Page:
South China Morning Post, November 11
By Richard Heydarian, academic and author of "Asia's New Battlefield: US, China and the Struggle for Western Pacific"
In the coming years, New Delhi is likely to find itself at loggerheads with Beijing, which is becoming a “two oceans” naval powerhouse, both in the Pacific and Indian seascapes, and is already a top source of development help in India’s near neighbourhood.
Competing in the Huge Digital Economies of China and India
Harvard Business Review, November 6
By Bhaskar Chakravorti, Dean of Global Business at The Fletcher School at Tufts University; and founding Executive Director of Fletcher’s Institute for Business in the Global Context
The global digital economy crossed an important milestone recently: the number of internet users in two countries — China, with just over 800 million users, and India, with 500 million users – surpassed the aggregate number of internet users across 37 OECD countries combined.
Abe’s balancing act between China and India
China Daily, November 1
By Swaran Singh, Professor at Jawaharlal Nehru University, New Delhi, and Adjunct Senior Fellow at The Charhar Institute, Beijing, China
President Donald Trump's trade wars against one and all are pushing Asia's three biggest economies -- China, Japan, India -- into an unprecedented tighter knit.
India & Japan emerge as strong regional allies amid a rising China
The Economic Times, October 28
By Sreeram Chaulia, Professor and Dean at the Jindal School of International Affairs
From the personal chemistry between Narendra Modi and Shinzo Abe, to the depth and breadth which the bilateral cooperation is acquiring, it is evident that Japan and India are becoming de facto allies like no two other powers in Asia.
India and China ink unprecedented internal security cooperation agreement
CGTN, October 26
By Ashok Sajjanhar, President of the Institute of Global Studies in India, and former Indian ambassador to Kazakhstan, Sweden, and Latvia
An unprecedented agreement on Internal Security Cooperation was signed in the presence of India's Minister of Home Affairs Rajnath Singh and the visiting Chinese State Councillor and Minister of Public Security Zhao Kezhi during the first India-China High-Level Meeting on Bilateral Security Cooperation co-chaired by the two leaders on October 22, 2018.
Why Did India and China Sign Their New Security Agreement?
The Quint, October 24
By Manoj Joshi, Distinguished Fellow, Observer Research Foundation, New Delhi
The signing of an internal security agreement by India and China last Monday is an indicator of the special nature of their relationship. This features competition, conflict and cooperation. We all know the points of conflict – the disputed 4,000-km border, Pakistan, the Masood Azhar issue, and the question of India’s NSG membership.
With election over, Bhutan can woo China with India’s blessing
South China Morning Post, October 22
By S.D. Muni, Professor Emeritus at Jawaharlal Nehru University in New Delhi, and a former ambassador and special envoy
The Himalayan kingdom wants to reduce dependence on old ally India and establish diplomatic ties with China. To do so, its new government faces a hard but not impossible task: solving the border dispute that led to a military stand-off in Doklam.
Books and Journals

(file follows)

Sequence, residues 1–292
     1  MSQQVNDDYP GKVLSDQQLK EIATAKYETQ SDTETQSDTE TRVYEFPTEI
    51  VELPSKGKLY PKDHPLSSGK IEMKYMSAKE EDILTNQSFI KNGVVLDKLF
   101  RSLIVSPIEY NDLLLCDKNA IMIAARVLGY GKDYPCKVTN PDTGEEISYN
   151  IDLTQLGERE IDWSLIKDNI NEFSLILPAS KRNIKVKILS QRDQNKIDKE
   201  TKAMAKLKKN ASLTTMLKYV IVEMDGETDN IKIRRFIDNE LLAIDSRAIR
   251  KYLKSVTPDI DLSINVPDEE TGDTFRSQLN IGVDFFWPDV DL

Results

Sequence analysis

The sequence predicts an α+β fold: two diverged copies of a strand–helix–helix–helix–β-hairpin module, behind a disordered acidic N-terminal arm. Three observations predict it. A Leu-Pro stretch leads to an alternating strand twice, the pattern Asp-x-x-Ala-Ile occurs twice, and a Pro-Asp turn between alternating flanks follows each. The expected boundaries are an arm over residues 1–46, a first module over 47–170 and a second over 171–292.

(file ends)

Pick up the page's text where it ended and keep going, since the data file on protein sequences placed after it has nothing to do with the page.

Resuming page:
The China-India Rivalry in the Globalization Era
Georgetown University Press, September 2018
Edited by T.V. Paul, James McGill Professor of International Relations at McGill University, past president of the International Studies Association, and author or editor of eighteen books, including The Warrior State: Pakistan in the Contemporary World and The Accommodation of Rising Powers: Past, Present, and Future.
As the aspirations of the two rising Asian powers collide, the China-India rivalry is likely to shape twenty-first-century international politics in the region and far beyond.
This volume by T.V. Paul and an international group of leading scholars examines whether the rivalry between the two countries that began in the 1950s will intensify or dissipate in the twenty-first century. The China-India relationship is important to analyze because past experience has shown that when two rising great powers share a border, the relationship is volatile and potentially dangerous. India and China's relationship faces a number of challenges, including multiple border disputes that periodically flare up, division over the status of Tibet and the Dalai Lama, the strategic challenge to India posed by China's close relationship with Pakistan, the Chinese navy's greater presence in the Indian Ocean, and the two states' competition for natural resources. Despite these irritants, however, both countries agree on issues such as global financial reforms and climate change and have much to gain from increasing trade and investment, so there are reasons for optimism as well as pessimism.
The contributors to this volume answer the following questions: What explains the peculiar contours of this rivalry? What influence does accelerated globalization, especially increased trade and investment, have on this rivalry? What impact do US-China competition and China's expanding navy have on this rivalry? Under what conditions will it escalate or end? The China-India Rivalry in the Globalization Era will be of great interest to students, scholars, and policymakers concerned with Indian and Chinese foreign policy and Asian security.
Compiled and sent to you by Centre on Asia and Globalisation and the Lee Kuan Yew School of Public Policy, National University of Singapore.